This software allows iOS apps to run on Android

As much as the fastest processors and highest definition cameras factor into the smartphone wars, applications have long been a central selling point for many prospective buyers. Six Columbia University students are seeking to change that.

A Samsung Galaxy S5, left, and an Apple iPhone 5c
Brent Lewin | Bloomberg | Getty Images
A Samsung Galaxy S5, left, and an Apple iPhone 5c

9to5Mac reported that these students have "bridged the gap" between Apple's iOS and Google's Android operating systems, creating software that "essentially fools iOS applications into believing they're running on an actual iPhone or iPad."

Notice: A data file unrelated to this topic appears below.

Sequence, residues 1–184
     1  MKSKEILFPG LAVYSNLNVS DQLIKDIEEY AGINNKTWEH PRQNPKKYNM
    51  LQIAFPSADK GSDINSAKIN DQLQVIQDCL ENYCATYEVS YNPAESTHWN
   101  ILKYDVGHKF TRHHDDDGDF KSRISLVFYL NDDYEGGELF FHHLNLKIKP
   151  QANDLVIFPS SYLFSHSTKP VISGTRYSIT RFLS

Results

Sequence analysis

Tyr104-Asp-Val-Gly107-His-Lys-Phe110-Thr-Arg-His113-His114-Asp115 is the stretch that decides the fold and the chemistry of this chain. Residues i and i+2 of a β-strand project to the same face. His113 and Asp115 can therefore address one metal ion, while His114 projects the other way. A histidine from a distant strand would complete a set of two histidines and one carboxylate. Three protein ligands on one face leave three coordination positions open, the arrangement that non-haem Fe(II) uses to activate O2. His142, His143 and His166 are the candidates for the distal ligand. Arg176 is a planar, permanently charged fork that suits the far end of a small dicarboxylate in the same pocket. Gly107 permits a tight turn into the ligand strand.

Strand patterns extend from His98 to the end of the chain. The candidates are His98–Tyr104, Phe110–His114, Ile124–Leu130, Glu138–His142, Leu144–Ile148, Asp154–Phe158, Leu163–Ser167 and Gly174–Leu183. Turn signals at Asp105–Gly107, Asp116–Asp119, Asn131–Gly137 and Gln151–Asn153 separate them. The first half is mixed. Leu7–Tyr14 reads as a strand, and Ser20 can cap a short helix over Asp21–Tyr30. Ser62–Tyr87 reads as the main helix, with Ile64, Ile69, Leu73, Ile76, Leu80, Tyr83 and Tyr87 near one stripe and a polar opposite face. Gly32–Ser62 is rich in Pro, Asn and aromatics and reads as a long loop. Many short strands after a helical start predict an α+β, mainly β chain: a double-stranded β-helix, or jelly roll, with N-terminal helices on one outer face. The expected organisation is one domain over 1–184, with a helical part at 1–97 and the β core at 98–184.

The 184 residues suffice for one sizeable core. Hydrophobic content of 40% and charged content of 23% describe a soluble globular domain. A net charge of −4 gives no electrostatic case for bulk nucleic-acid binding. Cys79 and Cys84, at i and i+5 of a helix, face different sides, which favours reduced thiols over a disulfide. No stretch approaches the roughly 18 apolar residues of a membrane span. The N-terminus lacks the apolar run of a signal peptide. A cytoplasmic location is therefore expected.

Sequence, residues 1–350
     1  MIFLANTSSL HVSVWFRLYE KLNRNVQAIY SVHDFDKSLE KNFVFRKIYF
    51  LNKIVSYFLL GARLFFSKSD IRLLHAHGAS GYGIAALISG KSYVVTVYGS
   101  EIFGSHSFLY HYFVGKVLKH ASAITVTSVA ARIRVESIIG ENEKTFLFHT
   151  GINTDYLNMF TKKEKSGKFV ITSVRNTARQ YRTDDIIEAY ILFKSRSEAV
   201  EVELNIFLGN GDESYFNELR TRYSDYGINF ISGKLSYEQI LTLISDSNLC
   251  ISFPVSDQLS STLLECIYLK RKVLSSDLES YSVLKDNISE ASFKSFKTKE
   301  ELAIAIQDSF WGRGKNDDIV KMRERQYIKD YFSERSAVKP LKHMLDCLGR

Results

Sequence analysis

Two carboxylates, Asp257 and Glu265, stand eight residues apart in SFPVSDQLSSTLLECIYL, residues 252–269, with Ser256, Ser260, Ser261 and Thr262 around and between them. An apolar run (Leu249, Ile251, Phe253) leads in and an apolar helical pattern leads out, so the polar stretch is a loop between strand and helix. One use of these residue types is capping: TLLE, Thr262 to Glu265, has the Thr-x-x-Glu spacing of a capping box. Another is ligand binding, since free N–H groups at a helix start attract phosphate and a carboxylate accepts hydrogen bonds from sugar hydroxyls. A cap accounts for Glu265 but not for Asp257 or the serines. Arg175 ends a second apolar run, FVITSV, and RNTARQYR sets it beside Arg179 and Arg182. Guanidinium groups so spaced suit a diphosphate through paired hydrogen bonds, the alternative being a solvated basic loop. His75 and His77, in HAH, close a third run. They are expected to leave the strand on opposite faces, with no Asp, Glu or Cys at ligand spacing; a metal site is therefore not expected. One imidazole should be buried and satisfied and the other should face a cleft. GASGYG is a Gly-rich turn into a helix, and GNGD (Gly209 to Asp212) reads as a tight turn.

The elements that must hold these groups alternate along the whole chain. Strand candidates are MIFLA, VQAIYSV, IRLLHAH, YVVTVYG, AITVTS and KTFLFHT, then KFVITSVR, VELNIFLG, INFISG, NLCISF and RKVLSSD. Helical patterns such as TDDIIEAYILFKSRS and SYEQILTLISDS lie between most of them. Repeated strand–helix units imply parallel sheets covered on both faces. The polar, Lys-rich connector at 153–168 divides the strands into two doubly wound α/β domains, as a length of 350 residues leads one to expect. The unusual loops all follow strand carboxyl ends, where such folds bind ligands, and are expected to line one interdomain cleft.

Called Cider, the software still has some limitations, but it is only a prototype at this point. Still, it presents a promising first step in eliminating the wall between app stores.

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